Last summer, in the mad dash of learning how to function smoothly when accepting produce from the participating farms for production into preserved goods, my brain still kept on spinning with new ideas. Canning is great. Canning is appreciated by many. But canning is not the only way we can preserve the surplus from the farms.
In fact, some of the veggies just can not be canned safely. Squash and pumpkin, for example, can be canned in cubes, but not in puree. Sure, you can buy a metal can of puree that is processed in a huge factory, but we’re not at that scale, so we have limitations that are rightfully imposed by our desire not to let any nasty bacteria into your potential gastro-intestinal tract. So no pureed pumpkin coming out of the Can-Do kitchen.
As a cook, I know if I turn to a canned product it is because I want a shortcut, saving me time from cooking the whole food from scratch. A jar of chunked pumpkin or squash is nice, but not good enough. I would still have to smush it into a puree to use it. So, I knew, as the processor, I needed to look for another way to save the squashes that my farmers grew.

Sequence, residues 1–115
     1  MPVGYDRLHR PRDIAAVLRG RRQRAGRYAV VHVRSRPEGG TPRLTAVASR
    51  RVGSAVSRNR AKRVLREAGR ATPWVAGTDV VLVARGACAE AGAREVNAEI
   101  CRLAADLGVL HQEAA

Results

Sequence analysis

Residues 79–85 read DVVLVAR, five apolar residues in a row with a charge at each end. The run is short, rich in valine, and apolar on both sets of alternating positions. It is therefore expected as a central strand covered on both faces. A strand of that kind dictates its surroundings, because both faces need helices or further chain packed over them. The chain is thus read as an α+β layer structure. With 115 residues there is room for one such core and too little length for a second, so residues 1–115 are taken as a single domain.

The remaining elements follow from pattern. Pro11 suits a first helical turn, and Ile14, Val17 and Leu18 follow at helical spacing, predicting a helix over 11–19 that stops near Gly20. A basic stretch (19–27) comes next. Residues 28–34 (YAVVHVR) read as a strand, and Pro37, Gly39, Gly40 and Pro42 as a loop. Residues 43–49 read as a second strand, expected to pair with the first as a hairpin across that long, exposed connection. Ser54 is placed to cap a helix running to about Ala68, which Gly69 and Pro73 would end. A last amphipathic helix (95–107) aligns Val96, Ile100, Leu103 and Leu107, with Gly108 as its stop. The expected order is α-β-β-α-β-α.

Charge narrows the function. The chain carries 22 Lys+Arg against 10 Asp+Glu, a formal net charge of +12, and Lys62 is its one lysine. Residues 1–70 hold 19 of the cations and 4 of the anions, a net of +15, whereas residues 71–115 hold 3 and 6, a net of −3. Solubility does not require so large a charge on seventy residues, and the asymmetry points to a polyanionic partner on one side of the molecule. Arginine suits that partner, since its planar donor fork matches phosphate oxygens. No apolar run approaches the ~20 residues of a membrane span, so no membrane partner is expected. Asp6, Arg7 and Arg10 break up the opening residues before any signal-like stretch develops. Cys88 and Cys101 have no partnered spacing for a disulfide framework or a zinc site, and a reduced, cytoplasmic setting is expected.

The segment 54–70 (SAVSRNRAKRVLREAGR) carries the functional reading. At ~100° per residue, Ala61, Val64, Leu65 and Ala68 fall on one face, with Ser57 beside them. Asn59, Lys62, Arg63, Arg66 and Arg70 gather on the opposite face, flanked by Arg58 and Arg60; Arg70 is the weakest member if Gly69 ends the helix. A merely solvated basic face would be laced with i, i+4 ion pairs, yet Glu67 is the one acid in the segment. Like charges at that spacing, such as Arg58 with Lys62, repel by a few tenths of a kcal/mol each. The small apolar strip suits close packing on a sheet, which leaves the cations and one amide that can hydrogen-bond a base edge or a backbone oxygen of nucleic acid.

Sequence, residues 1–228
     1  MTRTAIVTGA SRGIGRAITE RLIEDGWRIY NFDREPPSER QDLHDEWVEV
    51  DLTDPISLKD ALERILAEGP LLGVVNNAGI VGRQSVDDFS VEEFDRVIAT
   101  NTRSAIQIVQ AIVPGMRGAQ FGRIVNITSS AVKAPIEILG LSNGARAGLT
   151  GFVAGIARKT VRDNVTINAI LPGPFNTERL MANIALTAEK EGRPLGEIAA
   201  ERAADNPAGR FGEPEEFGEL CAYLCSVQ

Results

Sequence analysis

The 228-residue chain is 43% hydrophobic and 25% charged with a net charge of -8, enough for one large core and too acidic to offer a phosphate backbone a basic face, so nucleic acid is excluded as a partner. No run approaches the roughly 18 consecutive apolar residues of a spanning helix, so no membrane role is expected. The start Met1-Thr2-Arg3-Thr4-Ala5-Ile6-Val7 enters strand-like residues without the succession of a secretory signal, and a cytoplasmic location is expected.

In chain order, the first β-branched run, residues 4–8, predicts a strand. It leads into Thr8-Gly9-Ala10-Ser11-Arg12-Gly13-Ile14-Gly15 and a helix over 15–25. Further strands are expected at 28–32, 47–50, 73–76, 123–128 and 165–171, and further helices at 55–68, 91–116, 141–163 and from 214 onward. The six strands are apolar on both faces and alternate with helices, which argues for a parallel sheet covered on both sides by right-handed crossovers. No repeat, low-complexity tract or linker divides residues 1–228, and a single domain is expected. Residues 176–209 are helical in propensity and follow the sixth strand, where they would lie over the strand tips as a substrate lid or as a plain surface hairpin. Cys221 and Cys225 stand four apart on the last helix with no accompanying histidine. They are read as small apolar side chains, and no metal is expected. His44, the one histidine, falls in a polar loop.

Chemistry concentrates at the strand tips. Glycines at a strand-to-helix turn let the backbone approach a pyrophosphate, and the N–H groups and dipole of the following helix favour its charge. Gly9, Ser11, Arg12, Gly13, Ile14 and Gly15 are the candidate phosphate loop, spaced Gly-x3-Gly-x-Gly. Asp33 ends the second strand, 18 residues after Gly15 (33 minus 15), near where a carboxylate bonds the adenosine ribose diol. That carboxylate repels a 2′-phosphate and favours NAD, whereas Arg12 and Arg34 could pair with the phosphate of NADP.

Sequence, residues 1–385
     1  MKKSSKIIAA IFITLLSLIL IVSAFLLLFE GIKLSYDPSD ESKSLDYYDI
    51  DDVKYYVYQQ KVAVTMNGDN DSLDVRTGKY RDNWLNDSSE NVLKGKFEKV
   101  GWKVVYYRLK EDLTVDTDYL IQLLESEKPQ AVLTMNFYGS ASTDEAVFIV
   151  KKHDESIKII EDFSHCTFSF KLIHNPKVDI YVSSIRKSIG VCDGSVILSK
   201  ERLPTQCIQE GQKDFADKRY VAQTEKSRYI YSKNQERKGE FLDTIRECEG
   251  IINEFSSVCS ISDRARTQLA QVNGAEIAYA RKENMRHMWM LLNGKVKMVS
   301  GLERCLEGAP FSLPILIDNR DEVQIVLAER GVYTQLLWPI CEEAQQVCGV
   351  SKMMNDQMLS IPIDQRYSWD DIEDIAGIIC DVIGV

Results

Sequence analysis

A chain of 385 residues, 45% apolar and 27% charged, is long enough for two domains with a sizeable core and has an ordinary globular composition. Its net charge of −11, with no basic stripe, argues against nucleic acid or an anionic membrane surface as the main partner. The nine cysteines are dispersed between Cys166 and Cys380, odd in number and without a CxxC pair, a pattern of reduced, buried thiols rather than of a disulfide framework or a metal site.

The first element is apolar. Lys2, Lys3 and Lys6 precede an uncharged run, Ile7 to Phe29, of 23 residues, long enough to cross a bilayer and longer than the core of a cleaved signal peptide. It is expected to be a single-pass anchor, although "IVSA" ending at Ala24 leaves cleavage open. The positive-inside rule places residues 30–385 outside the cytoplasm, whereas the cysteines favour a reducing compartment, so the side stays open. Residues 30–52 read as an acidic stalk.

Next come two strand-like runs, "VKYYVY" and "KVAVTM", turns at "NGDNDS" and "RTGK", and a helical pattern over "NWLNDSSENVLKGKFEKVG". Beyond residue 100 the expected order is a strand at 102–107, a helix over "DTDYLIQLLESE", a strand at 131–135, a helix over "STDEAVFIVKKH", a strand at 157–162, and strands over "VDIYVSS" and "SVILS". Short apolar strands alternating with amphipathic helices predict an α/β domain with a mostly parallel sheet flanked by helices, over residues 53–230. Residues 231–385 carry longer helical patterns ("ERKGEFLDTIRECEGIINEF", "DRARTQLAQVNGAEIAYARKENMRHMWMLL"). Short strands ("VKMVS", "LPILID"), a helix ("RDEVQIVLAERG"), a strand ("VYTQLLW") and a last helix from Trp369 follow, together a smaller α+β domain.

Dehydrating offers a way to preserve food also in a shelf-safe setting. So last summer, as the fruits and veggies ripened in our farmer’s fields and on their trees, we asked for items we normally did not can so we could dry them.
We now have a considerable stash of dried fruits and veggies and it is time to get to work to develop those recipes that will work. We’re considering a line of dehydrated soup mixes that will take 30-60 minutes to simmer at home. We’re also planning on a line of cup-a-soup mixes that will only take a few minutes of sitting in boiling hot water. Both of those would be packaged for single serving as well as 4-6 serving sizes
In addition, the dehydrated line will include snack mixes. One type will be seasoned veggies. Another will be fruit snacks. That one will be popular, I think. Many people ask for jams without sugar, but the texture changes so I am not going to go there, even with using stevia. Instead, we will be able to offer no sugar added dried fruit snack mixes.
Finally, I’m thinking about dip mixes. Think about that classic Lipton onion soup mixed with sour cream to become a potato chip dip. So we will have veggie dips you can mix with sour cream or yogurt or tofu.
Right now…..all still in the planning phase. Recipes are selected…..time to enter the kitchen to play with our food!